53rd Venice Biennale: Making Worlds Bantin Duniyan, Hacer Mundos Director: Daniel Birnbaum 7 June – 22 November 2009
The best of the 'Venice Biennale' reaches out to viewers from the national (and nationalist) displays in the Giardini and elsewhere, and at its worst indulges in either crude jingoism or aesthetic formulae so stylised that they cross all cultural borders. Probably the best example of this is in the café, designed by Tobias Rehberger as one of the exhibits. It is a place created for visual noise, all acute angles and strong uncompromising tones. It serves as a recurring reminder that so much of contemporary visual culture is about consumption. 2009 is the year that Big Design really hit its stride.
In the national pavilions Big Design is most noticeably celebrated by Germany with Liam Gillick's homage to the Frankfurter Küche (Frankfurt Kitchen), the original modular kitchen designed in 1926 by the Austrian architect Margarete Schütte-Lihotzky. This takes the form of a giant raw timber modular kitchen, complete with a stuffed cat. There is a sense of nationalities dissolving as Gillick is from the UK, although he has worked extensively in Germany. The mass adoption of the aesthetic that Gillick’s work celebrates is the subject of a witty critique by the Scandinavian duo Elmgreen & Dragset who have combined the Danish and Norwegian pavilions in an installation, The Collectors, which blows a huge raspberry at the class of people who collect tasteful design and art to cover up dysfunctional relationships with humanity. The Danish Pavilion is 'for sale’, in a campaign by Vigilante Real Estate. The web site repeats the ‘tour’ by a frightening real estate agent, who guided the crowds during the Vernissage. See http://vernissage.tv/blog/2009/06/18/the-collectors-curated-by-elmgreen-dragset-danish-pavilion-venice-biennial-2009/ or click here. In the Norwegian pavilion, a body floats face down in the water of a Hockney-inspired pool, while the interior is the site for the murder mystery of a gay art collector, the mysterious ‘Mr B’ whose collected works and careful elegant design seems almost a parody of dilettante collecting taste. Bearing in mind that those who collect in the manner of these two ‘households’ often make a point of collecting artists along with their work, this installation could almost be read as a revenge piece.
In the Arsenale, Director Daniel Birnbaum opens with a high point. Brazilian artist Lygia Pape’s 'ttéia I', C of 2002 has been re-created in all its gold-lined detail. Pape died in 2004 so it seems odd that this is the work that leads viewers into what is traditionally the exhibition that challenges with its insights into the new. The Arsenale is a difficult and challenging space, even the boldest work can shrink here, and too much does. Birnbaum has indicated that his exhibition ‘expresses my wish to emphasise the process of creation’, but there is little of that here. What is curious is that the questing, raw expression of art in the making is actually found far away, down a narrow lane in Castello, right near the tourist trap of San Marco. Here, in the Rota Ivancich Palace, curator Cuauhtémoc Medina presents Mexican artist Teresa Margolles’ '¿De qué otra cosa podríamos hablar?'(What Else Could We Talk About?). It is such stark work in aged opulent surroundings. The visitor is directed up the stairs where young people gloomily, obsessively, wash floors. It is only by reading the captions that we find that the water has been mixed with blood and mud, and the blood is that of the murdered dead. As the visitor progresses through more rooms, with more gloomy washing men, the sense of foreboding rises. Then downstairs what could be paintings of muddy texture are revealed to be made of mud and blood, to be recycled through washing. Margolles tells us that in 2008 more than 5000 people were murdered by those dealing in drugs. This is a harsh and beautifully raw telling of a tale, and nothing else in this Biennale comes close to it in anguish, although Hungary’s Péter Forgács does present a polished vision of evil in his Archive based on medical record photographs by Nazis.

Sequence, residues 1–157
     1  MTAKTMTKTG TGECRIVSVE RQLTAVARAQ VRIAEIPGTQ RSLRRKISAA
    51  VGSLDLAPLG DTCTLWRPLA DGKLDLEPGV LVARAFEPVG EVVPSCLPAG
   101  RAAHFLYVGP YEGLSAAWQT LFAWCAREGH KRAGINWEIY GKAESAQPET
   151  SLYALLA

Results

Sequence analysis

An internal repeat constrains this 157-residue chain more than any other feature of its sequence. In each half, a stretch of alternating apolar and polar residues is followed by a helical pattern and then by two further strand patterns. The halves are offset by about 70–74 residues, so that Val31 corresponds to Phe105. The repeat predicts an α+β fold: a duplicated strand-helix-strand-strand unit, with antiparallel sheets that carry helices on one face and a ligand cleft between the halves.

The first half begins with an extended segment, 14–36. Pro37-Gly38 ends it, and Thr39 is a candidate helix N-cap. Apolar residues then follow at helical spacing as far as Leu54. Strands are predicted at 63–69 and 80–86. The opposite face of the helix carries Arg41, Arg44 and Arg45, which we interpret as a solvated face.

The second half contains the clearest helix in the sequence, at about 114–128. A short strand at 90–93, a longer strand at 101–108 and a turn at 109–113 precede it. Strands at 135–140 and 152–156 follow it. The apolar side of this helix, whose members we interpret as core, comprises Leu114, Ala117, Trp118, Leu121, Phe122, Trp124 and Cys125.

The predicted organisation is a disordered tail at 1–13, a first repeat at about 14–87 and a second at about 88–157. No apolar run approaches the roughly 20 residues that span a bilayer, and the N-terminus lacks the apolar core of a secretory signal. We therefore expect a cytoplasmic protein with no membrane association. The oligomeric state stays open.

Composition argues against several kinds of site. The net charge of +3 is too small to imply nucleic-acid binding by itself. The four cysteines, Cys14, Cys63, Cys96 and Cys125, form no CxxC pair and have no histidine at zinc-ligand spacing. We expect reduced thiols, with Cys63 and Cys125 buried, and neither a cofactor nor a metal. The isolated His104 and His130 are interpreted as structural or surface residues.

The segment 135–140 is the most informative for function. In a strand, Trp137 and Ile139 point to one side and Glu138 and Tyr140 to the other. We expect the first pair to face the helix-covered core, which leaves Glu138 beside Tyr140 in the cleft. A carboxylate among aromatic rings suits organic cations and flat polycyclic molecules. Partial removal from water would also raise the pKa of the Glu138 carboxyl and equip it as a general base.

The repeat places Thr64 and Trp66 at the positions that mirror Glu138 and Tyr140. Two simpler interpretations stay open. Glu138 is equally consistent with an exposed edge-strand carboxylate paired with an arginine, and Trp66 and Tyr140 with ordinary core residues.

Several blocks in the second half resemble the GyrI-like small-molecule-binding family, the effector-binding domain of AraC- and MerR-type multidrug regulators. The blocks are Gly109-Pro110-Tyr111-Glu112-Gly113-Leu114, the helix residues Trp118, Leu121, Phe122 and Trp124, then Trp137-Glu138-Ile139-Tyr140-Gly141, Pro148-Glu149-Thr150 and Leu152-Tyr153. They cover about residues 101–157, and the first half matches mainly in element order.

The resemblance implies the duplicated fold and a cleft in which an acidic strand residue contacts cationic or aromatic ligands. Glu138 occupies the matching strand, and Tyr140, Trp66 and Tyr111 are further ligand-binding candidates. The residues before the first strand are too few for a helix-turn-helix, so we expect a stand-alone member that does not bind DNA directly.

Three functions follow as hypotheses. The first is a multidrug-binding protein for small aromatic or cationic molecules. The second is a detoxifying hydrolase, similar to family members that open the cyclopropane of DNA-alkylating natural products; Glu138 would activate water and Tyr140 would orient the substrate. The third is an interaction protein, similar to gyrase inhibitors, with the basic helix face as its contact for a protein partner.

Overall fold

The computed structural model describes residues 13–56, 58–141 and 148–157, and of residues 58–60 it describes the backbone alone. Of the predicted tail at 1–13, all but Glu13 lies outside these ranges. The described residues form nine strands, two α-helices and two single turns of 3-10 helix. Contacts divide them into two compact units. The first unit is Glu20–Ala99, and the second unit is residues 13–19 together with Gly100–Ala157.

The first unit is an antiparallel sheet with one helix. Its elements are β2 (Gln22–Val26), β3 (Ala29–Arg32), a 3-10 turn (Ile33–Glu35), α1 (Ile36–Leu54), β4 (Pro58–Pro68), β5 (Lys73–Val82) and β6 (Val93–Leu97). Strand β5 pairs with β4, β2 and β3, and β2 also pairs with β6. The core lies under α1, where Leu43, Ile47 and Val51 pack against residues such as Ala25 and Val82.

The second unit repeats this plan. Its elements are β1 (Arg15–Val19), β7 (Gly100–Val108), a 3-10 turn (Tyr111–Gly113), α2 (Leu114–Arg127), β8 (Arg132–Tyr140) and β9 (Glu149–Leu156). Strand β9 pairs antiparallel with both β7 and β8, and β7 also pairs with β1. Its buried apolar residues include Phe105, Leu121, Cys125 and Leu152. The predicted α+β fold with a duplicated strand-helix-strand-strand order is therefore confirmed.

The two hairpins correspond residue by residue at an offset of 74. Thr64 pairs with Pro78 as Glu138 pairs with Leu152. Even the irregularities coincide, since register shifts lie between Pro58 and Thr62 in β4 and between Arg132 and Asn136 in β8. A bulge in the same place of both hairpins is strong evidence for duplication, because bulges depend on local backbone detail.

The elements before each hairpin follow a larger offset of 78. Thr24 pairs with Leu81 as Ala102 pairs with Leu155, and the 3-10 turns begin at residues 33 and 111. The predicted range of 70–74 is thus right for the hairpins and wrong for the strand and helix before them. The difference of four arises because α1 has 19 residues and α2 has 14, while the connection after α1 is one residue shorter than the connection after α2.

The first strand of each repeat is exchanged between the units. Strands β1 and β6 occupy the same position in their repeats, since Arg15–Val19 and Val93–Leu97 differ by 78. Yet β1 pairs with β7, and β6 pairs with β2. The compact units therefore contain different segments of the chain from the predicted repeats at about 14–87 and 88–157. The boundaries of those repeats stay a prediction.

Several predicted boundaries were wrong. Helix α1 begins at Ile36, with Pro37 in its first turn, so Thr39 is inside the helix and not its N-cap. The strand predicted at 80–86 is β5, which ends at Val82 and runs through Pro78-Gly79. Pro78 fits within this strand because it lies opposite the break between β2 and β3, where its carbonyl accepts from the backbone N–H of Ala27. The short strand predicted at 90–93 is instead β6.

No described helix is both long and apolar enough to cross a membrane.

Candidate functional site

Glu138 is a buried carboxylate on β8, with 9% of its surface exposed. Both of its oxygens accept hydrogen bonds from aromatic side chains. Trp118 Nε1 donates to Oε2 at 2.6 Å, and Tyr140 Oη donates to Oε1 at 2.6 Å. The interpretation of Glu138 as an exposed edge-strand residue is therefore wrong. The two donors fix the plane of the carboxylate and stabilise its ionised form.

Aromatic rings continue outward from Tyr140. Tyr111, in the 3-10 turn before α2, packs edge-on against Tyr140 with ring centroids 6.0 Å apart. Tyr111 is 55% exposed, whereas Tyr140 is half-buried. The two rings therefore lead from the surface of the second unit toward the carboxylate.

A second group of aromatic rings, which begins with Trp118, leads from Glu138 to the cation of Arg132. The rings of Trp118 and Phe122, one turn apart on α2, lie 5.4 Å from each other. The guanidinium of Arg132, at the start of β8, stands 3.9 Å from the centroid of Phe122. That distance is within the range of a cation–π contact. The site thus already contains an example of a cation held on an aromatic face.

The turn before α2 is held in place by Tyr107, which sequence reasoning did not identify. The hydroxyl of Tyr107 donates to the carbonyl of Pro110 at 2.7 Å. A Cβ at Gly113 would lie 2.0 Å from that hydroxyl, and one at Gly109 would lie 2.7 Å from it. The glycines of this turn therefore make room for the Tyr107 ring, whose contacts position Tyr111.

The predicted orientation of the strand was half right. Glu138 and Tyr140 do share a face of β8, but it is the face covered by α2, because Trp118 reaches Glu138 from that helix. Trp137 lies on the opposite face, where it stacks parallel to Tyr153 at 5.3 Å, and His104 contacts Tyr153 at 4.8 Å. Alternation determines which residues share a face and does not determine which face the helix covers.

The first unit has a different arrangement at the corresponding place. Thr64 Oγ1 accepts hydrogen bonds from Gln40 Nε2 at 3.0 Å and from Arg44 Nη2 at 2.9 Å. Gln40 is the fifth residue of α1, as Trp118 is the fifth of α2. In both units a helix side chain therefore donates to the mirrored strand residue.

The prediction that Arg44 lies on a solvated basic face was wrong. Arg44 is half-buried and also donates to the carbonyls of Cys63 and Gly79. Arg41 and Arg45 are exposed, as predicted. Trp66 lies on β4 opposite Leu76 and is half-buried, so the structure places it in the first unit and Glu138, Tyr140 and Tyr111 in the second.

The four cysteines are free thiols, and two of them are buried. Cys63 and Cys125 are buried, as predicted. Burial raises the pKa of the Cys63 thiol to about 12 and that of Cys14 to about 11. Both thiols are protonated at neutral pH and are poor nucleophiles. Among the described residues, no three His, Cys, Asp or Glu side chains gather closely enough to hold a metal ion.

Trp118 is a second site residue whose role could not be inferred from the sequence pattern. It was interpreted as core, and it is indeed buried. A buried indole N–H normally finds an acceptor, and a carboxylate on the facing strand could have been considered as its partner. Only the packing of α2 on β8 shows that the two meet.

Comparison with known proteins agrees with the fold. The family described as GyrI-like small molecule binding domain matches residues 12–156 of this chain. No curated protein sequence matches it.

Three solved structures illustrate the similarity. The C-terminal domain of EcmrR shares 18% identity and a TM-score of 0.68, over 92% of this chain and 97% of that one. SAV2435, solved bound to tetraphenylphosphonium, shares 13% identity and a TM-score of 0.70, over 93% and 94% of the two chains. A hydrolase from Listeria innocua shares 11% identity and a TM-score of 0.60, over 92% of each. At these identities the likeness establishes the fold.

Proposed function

Where then does Australia stand in this chequered landscape? Felicity Fenner’s exhibition of early career artists, 'Once Removed', is one of the high points. This is in part because the visitor happens upon it after leaving the disappointing Arsenale, but also the progression from the Chapel entrance of the Ludoteka from Claire Healy & Sean Cordeiro’s monolith through to Ken Yonetani’s sugar sculpture via Vernon Ah Kee’s surprisingly optimistic vision of resurgent Indigenous surfers, appears so fresh. Without being dogmatic the work does manage to encapsulate that well-known Antipodean sense of being an outsider, somehow separate from the world. In particular Healy & Cordeiro’s 'Life Span', a giant monolith made entirely of discarded VHS tapes, manages both to revere the sacred space of the chapel in which it is built, and to honour the technology of the video recorder that has lasted only one generation before becoming obsolete.
Shaun Gladwell’s robust 'MADDEST-MAXIMVS' which is the entry in Australia’s official pavilion, occupies a different kind of space. This is the Giardini where national pride tends to mix with art. Gladwell’s work has an energy that can seem almost shocking compared to the neutral works that surround it, and its colours, offset by black, seem even more intense in Europe than at home in Australia. Gladwell’s work in this context is a celebration of Australia’s status as an exotic land, a place of strange wild life and even stranger wild riders. In that, despite the lack of blood on the floor, we are closer to Mexico’s angst than Danish design.